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Electoral Reform and the Fate of Factions: The Case of Japan's Liberal Democratic Party

Gary W. Cox, Frances McCall Rosenbluth and Michael F. Thies
British Journal of Political Science
Vol. 29, No. 1 (Jan., 1999), pp. 33-56
Stable URL: http://www.jstor.org/stable/194295
Page Count: 24
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Electoral Reform and the Fate of Factions: The Case of Japan's Liberal Democratic Party
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Abstract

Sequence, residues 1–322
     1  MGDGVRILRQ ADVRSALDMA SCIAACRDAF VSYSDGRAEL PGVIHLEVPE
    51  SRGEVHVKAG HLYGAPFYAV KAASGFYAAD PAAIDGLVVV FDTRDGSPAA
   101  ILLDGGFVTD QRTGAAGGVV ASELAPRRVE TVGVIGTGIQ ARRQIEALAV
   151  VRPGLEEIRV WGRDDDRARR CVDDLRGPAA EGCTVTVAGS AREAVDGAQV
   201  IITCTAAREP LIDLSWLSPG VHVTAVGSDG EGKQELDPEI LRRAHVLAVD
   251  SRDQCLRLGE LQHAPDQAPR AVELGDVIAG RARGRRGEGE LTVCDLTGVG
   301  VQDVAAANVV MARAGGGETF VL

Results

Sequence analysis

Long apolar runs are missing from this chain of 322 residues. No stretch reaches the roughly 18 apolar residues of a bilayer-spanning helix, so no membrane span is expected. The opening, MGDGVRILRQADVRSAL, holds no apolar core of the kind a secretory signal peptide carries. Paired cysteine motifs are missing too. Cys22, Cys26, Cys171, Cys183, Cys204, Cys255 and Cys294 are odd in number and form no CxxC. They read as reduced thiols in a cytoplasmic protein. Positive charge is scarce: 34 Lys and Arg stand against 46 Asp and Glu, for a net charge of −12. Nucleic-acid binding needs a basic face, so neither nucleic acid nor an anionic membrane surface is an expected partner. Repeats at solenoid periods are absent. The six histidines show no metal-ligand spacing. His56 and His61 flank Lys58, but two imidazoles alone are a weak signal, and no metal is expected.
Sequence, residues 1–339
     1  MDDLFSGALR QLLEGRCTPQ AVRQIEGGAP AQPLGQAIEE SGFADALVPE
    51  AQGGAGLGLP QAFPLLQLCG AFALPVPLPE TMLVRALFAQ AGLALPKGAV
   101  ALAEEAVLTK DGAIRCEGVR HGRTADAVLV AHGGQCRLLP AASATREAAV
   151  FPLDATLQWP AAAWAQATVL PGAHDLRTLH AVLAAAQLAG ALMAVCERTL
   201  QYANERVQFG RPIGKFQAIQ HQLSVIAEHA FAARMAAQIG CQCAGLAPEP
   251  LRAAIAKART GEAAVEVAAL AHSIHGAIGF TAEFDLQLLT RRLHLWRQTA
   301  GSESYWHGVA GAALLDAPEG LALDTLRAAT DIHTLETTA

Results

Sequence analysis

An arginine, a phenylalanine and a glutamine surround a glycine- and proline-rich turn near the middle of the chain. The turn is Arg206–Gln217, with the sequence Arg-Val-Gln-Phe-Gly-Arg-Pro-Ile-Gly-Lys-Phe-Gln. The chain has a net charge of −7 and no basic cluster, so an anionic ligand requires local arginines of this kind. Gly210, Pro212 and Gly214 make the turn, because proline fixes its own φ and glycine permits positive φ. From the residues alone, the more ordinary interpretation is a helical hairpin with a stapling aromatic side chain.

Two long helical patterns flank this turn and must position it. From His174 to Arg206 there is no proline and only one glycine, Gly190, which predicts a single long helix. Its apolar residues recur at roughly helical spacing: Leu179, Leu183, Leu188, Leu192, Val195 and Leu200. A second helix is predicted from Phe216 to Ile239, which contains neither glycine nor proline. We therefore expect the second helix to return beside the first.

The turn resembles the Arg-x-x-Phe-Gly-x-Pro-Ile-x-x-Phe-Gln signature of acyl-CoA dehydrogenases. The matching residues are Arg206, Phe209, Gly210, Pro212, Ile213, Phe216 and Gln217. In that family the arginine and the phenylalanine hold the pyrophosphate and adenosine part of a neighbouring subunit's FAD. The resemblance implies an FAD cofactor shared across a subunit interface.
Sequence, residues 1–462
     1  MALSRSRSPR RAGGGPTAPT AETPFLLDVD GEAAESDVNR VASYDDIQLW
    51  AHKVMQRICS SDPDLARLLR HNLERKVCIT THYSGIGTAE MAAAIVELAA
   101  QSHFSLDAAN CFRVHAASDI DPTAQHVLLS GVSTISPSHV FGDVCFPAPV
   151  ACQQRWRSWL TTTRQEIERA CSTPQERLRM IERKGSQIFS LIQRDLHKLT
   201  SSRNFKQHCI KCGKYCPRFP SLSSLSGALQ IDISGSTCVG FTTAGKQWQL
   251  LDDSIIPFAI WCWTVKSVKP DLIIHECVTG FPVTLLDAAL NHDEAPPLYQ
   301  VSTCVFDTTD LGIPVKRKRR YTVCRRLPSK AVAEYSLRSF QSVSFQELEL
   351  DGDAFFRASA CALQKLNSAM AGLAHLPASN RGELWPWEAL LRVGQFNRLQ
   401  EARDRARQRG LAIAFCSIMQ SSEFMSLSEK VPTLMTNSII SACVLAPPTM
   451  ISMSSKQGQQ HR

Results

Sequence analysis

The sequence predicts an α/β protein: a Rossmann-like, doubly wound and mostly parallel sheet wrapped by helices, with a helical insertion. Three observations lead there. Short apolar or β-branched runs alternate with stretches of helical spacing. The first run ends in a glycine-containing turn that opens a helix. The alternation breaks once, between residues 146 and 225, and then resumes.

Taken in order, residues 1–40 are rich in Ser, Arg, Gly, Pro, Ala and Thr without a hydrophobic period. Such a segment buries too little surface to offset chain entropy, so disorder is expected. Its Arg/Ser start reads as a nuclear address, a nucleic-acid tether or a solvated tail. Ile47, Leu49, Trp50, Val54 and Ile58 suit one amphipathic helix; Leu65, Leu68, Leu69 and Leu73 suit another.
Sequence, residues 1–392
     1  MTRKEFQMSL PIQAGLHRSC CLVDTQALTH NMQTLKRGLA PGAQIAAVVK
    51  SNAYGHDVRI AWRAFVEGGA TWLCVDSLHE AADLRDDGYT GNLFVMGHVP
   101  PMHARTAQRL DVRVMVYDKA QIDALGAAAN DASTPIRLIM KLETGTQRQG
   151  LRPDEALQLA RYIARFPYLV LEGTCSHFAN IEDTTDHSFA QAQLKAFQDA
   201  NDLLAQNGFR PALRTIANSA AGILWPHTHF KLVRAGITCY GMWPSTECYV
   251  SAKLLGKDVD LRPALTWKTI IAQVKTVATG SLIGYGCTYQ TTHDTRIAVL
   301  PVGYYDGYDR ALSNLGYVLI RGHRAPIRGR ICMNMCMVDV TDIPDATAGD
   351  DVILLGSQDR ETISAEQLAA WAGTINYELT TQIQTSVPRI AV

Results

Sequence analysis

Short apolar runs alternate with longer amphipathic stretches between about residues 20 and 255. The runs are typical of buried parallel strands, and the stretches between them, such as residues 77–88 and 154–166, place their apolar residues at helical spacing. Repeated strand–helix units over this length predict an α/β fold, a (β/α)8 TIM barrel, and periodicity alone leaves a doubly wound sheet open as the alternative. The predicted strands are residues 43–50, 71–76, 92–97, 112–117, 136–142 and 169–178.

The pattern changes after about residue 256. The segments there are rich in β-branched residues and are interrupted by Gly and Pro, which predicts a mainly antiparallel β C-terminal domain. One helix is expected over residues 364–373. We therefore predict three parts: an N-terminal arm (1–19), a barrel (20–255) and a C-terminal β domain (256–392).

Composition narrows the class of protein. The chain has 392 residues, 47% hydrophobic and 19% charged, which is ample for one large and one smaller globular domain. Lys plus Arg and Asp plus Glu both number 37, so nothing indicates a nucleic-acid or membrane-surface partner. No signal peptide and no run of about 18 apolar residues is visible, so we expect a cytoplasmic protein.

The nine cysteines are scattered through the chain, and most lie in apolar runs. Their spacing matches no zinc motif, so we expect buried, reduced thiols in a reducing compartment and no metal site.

For years, scholars and pundits have blamed Japan's single, non-transferable vote (SNTV) electoral system for the factions that divide and organize the ruling Liberal Democratic Party (LDP). In January 1994, Japan abandoned SNTV, and the first election under the new rules occurred in October 1996. If SNTV did in fact sustain the factions, it makes sense that the factional structure ought to have weakened under the new rules. In this article, we provide an informal model of what the old factional exchange between leaders and followers was like and investigate the extent to which the terms of this exchange, and hence the characteristics of Japanese factionalism, have begun to change under the new rules. We expect and find the largest decline in factional leaders' role in the area of nominations, and the slightest changes, at least in the short run, in the allocation of posts. On the other side of the exchange, we find that followers appear less willing to march to their leaders' tunes in LDP presidential elections.

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